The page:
Saturday, November 12, 2016

Humeral head osteotomy in shoulder arthroplasty - how do you slice it?

Humeral head osteotomy in shoulder arthroplasty: a comparison between anterosuperior and inferoanterior resection techniques

These authors proposed an approach to humeral osteotomy based on landmarks on the anatomic neck in an attempt to restore 3-dimensional humeral head morphology. They digitized the anatomical neck of 30 normal human cadaver shoulders.

They compared the virtual performance of two different osteotomy techniques: the traditional, following the anterosuperior anatomic neck; and a new technique, defined by the inferoanterior anatomic neck. 

Length-width difference of the anterosuperior resection area was higher than in the inferoanterior osteotomy (6 ± 2 mm vs. 3 ± 1 mm; P < .001).
Retroversion of the anterosuperior resection plane was higher than the native head (50° ± 12° vs. 37° ± 11°; P < .001), whereas retroversion after the inferoanterior osteotomy (32° ± 12°) did not differ from native (P = .057).
Inclination differed after the anterosuperior osteotomy (129° ± 5°) and the inferoanterior osteotomy (127° ± 4°) compared with the native head (134° ± 4°; P ≤ .001).

They concluded that inferoanterior referenced osteotomy generated a more circular resection area, matching the native humeral head retroversion more closely than in the anterosuperior technique.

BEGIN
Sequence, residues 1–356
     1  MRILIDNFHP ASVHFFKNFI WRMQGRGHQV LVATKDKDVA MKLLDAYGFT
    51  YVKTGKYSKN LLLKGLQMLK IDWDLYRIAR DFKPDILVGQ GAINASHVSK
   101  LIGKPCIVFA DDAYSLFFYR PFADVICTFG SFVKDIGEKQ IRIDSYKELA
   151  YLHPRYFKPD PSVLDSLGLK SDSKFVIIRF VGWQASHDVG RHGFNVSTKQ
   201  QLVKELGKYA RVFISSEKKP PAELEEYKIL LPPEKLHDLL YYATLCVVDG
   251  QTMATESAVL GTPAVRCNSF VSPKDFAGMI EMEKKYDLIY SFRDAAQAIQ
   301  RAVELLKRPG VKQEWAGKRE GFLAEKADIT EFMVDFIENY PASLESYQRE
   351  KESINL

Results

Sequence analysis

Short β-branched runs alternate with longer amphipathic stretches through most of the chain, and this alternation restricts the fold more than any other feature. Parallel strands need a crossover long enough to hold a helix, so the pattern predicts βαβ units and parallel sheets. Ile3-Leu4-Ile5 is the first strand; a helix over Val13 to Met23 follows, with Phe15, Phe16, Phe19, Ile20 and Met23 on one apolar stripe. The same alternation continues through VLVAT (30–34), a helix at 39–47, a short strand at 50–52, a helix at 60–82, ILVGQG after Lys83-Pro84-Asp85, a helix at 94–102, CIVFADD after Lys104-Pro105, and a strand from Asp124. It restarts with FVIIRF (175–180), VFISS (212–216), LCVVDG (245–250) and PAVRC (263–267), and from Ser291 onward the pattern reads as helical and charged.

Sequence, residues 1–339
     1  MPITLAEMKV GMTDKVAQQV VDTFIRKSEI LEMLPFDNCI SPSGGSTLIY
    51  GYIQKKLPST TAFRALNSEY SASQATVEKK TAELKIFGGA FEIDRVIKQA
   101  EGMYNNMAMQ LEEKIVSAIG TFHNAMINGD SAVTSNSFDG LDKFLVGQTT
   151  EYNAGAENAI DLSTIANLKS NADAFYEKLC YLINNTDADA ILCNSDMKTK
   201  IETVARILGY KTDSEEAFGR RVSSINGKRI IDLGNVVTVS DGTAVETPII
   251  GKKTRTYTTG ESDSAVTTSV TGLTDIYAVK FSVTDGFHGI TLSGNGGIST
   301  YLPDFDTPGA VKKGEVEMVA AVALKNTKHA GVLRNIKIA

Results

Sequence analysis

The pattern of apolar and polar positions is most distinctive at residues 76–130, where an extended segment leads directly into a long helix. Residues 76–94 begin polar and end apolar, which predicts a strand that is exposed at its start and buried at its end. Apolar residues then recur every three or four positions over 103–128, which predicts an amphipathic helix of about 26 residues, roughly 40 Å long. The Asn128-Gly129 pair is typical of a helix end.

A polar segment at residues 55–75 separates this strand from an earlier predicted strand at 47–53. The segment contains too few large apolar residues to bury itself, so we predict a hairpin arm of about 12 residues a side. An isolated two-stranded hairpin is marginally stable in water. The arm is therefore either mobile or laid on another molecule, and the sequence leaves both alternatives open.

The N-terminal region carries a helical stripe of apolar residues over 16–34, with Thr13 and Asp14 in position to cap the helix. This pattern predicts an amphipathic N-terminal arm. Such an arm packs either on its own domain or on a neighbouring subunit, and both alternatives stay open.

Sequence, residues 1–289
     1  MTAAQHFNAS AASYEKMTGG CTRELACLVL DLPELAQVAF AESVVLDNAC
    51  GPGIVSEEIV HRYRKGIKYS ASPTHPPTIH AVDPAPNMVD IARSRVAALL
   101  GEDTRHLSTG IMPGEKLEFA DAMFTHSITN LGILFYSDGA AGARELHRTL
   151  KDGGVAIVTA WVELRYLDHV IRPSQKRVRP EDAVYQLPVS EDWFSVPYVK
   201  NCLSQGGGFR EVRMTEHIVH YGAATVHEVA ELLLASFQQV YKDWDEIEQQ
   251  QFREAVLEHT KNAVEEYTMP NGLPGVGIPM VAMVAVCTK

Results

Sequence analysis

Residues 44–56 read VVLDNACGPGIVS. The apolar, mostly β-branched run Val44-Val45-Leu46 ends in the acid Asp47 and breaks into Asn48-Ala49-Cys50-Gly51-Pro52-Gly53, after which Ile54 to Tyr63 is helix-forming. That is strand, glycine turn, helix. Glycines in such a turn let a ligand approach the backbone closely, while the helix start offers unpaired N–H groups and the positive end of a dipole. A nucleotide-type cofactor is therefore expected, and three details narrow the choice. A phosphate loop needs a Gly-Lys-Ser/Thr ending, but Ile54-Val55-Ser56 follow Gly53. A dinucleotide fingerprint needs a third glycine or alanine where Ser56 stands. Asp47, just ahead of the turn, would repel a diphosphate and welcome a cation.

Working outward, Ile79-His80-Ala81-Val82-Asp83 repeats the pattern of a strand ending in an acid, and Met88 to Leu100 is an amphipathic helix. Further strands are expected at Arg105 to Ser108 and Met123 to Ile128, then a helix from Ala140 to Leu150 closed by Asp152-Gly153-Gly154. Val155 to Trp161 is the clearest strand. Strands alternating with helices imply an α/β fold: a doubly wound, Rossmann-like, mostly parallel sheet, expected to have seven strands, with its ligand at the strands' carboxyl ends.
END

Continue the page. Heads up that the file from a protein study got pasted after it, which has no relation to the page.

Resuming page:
Comment: The goal of humeral implant positioning is not to reproduce 'normal' anatomy, but rather to optimize glenohumeral stability and kinematics. This may require non-anatomic positioning of the humeral joint surface, such as in the use of anteriorly eccentric humeral heads to manage functional decentering observed at surgery.

The pathoanatomy encountered at shoulder arthroplasty varies widely, but rarely looks like the normal cadaver shown above. Here are some examples in which cases finding anteroinferior landmarks would be a challenge.

The positioning of the humeral articular surface is dictated by (a) the positioning of the prosthetic stem in the humeral canal and (b) the geometry of the humeral prosthesis placed on the prosthetic stem. In our technique, the humeral neck cut does not control the final head position.

The orthopaedic axis is defined by the largest cylindrical sizer that fits in the canal.

The cut is made at 45 degrees with this orthopaedic axis, irrespective of the proximal humeral anatomy

and in 30 degrees of retroversion.

the prosthesis is seated so that its lateral edge is just below the berm.


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